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Global SME finance facility is bearing fruit

In developing counties, small and medium enterprises (SMEs) are the backbone of the economy, providing about two thirds of all formal sector jobs and acting as engines of growth. A paper from the IMF suggested that increasing financing to SMEs can lead to up to 4 percentage points in higher economic growth, yet research shows that there is a staggering trillion dollar financing gap for SMEs in emerging markets and about 200 million businesses lack access to the finance they need to grow and create jobs.

Global small and medium-sized enterprises (SME) finance facility

Global small and medium-sized enterprises (SME) finance facility

Unlocking the potential of SMEs is a critical part of the World Bank Group’s mission to end extreme poverty and boost shared prosperity.  A key part of this strategy is IFC’s Global SME Finance Facility, launched in March 2012 to address the G-20’s call for solutions to help reduce this SME funding gap.

The Global SME Finance Facility is a blended finance vehicle which integrates both investment and advisory services to help banks reach more SMEs. It is truly unique as it mobilizes funding from donors, international finance institutions and the private sector, to help banks de-risk and scale up SME lending. The Facility targets SMEs that don’t have access to finance, including women-owned SMEs, agriculture and climate-related businesses and those in fragile states. IFC’s wide network of partners and this integrated approach enable the Facility to target the finance gap more than a single IFI, DFI or donor can on its own.  

The Facility aims to facilitate $8 billion in SME loans and one million jobs over ten years. We were delighted that the Government of the Netherlands recently pledged $27 million to the Facility, $11 million of which is targeted for much-needed advisory services.

The IFC’s finance vehicle had already committed to 92 projects in 27 countries, 15 of which are classified as fragile and conflict affected states. By the end of December 2014, the Facility had made more than 100,000 SME loans, worth a total of $6,4 billion. Its unique structure has allowed it to make life-changing investments, for example in Bangladesh, West Africa and for women in a number of African countries.

Supporting SME Factory Safety in Bangladesh

After the tragedies that hit the Tazreen fashions factory (2012) and the Rana Plaza collapse (2013) in Bangladesh, which took over 1200 lives, many small factories have found it difficult to access the capital necessary to make the improvements that meet buyer’s standards. With garment factories accounting for 80% of Bangladeshi exports, and employing about 4 million people – mostly women – in more than 4500 factories, the scale of the challenge was immense.

IFC has provided $60 million of IFC financing through four local Bangladesh banks to help those factory owners upgrade their safety infrastructure and ensure they are kept up to standard.  The Facility’s contribution is focused on ensuring smaller factories can benefit from the financing alongside their larger counterparts.

Boosting SMEs in Fragile States in West Africa

Sub Saharan Africa consists of some of the world’s poorest countries. Countries like Burundi, Chad, Côte d’Ivoire, Democratic Republic of the Congo, Republic of Congo, Guinea, Mali and Togo face extreme and persistent poverty exceeding 50 percent of their populations, coupled with severe socio-economic challenges, such as low employment, lack of infrastructure, and a high level of insecurity which disrupts business activity and impedes access to finance. These difficult environments have exacerbated the challenges faced by small and medium-sized enterprises.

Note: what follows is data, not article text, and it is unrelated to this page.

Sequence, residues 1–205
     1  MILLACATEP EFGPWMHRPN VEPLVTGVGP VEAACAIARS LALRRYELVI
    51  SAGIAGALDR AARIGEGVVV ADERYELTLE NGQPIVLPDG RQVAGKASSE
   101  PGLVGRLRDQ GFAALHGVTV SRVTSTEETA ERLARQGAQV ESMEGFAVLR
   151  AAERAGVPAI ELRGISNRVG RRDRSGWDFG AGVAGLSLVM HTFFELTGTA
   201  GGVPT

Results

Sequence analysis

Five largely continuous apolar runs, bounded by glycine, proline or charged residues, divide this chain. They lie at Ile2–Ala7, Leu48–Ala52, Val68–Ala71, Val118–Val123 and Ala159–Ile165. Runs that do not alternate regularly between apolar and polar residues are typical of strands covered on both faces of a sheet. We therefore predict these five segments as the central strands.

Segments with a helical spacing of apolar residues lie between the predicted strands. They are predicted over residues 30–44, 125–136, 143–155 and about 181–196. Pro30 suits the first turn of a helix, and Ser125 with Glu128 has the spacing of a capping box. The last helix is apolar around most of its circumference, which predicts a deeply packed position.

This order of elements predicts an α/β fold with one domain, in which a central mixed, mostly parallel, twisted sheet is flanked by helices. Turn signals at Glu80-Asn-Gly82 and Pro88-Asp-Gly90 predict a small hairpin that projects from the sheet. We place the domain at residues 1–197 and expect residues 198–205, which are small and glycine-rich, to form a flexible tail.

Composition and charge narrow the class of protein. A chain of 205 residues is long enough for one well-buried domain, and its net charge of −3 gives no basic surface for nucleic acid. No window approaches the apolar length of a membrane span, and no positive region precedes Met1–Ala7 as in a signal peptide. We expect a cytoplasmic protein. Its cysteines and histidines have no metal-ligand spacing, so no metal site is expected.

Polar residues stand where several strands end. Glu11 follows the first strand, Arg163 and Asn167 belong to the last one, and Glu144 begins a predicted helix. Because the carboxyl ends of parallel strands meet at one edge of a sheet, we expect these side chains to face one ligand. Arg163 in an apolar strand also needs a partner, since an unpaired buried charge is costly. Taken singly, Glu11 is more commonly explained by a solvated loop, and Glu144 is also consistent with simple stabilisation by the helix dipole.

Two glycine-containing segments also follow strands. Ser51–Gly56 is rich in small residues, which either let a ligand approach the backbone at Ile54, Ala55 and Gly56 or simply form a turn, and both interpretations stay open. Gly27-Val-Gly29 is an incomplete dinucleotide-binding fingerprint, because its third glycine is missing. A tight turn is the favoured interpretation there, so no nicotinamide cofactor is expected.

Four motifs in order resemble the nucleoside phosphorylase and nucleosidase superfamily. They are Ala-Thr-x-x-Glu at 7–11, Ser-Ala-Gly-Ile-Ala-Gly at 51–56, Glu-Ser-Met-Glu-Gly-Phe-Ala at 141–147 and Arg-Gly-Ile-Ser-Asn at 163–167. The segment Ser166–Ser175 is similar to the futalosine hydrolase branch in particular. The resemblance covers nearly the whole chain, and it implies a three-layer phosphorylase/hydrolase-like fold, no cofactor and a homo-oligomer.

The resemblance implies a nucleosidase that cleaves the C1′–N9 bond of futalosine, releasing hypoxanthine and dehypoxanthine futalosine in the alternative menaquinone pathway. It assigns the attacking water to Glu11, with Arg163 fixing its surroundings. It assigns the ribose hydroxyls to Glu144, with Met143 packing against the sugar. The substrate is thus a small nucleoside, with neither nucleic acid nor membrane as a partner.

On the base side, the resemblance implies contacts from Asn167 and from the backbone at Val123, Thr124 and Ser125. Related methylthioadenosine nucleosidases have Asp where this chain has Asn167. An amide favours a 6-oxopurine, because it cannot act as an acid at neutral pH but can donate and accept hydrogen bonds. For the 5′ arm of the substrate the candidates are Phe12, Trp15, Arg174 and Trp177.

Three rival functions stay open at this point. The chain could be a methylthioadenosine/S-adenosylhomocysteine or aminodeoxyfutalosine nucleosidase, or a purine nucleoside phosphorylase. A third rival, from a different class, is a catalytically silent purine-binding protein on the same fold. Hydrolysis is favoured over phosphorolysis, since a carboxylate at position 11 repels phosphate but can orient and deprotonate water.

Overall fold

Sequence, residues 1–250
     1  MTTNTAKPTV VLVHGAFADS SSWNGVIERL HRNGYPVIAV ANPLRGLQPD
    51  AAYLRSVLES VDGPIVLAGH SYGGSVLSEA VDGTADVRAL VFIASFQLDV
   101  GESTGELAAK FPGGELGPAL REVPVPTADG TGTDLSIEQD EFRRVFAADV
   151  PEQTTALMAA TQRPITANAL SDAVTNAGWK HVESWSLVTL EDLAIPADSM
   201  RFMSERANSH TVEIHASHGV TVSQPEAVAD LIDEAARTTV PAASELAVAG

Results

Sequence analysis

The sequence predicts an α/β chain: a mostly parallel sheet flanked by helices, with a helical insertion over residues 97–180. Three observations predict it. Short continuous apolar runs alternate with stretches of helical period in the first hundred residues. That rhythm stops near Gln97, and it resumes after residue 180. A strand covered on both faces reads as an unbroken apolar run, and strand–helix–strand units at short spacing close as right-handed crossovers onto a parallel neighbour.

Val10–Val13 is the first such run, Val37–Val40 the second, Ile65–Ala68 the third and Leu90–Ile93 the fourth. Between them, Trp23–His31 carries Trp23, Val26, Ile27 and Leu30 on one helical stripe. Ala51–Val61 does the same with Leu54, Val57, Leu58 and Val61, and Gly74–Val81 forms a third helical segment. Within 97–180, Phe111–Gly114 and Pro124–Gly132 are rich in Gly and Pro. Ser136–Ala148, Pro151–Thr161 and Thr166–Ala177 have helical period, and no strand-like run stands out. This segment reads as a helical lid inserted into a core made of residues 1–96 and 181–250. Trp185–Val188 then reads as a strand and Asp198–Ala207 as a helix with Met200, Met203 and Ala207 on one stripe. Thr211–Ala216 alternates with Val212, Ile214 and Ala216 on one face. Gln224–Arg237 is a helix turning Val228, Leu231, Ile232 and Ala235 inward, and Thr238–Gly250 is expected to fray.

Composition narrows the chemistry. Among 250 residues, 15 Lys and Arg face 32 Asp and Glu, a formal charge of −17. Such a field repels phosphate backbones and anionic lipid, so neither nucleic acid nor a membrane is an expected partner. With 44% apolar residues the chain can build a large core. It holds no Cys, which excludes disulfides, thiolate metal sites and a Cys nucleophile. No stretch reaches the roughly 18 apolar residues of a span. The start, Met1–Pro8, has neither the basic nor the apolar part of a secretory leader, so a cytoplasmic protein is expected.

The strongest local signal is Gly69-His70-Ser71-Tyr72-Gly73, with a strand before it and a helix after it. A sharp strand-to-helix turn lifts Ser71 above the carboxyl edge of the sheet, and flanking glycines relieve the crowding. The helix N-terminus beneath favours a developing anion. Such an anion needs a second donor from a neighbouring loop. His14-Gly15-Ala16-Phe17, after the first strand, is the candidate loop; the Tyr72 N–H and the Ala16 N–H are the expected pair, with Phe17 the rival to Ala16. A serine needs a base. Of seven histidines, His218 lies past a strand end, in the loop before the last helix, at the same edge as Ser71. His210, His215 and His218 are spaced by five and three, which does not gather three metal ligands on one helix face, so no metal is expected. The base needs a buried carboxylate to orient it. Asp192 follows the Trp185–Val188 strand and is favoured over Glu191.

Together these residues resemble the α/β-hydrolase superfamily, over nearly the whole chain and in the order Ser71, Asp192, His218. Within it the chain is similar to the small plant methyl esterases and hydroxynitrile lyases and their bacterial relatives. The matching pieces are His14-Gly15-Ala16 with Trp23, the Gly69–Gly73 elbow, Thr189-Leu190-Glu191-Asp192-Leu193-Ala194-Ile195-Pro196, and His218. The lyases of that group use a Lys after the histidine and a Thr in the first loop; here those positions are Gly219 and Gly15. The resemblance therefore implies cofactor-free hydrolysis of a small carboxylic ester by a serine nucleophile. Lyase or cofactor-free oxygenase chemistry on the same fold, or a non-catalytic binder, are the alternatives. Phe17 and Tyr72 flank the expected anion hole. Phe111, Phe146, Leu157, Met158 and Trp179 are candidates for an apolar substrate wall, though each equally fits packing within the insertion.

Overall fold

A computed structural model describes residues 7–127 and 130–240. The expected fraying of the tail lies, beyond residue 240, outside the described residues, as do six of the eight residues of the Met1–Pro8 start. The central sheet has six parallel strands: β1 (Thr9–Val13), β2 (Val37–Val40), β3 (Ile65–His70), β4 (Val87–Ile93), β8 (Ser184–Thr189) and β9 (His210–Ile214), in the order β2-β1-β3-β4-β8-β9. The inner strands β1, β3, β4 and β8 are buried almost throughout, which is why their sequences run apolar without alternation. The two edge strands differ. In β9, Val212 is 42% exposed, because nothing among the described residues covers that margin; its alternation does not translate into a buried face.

In May 2015, IFC worked with its long term-partner and leading pan-Africa bank Ecobank, to establish a $110 million risk sharing facility for the abovementioned countries. It will increase access to finance for small and medium sized enterprises in fragile and conflict-affected states through Ecobank affiliates.

Enhancing Access to Finance for Women

Women-owned businesses in emerging markets are particularly underserved, with an estimate $3 billion funding gap. In Tanzania, for example, only 15% of women report having access to a bank loan. In the Democratic Republic of Congo, only 2% of women-owned businesses and 10% of all SME report have access to a bank loan.

For Tanzania, the Global SME Finance Facility helped support a $40 million loan to CRDB Bank Tanzania in 2014. The loan is to support CRDB’s SME lending businesses, with a specific focus on increasing its women-owned SME portfolio. For the Democratic Republic of Congo, The Facility supported a $15 million loan to Rawbank aimed at expanding lending to SMEs and women-owned businesses. The Facility has helped IFC to provide targeted SME financing, and providing performance-based incentives to help Rawbank offset the costs of building its SME and women-owned SME business lines.

With its global reach, multi-stakeholder approach, combination of investment and advisory services, and use of blended finance, the Global SME Finance Facility has taken important steps towards bridging the SME finance gap. We are delighted that we can now count the Dutch among our anchor partners in this important endeavor. Much more remains to be done to reach this critical goal, and IFC is always looking out for new partners, investors and projects.

Wendy Teleki, Head SME Finance, IFC Financial Institutions Group

Ministry responsible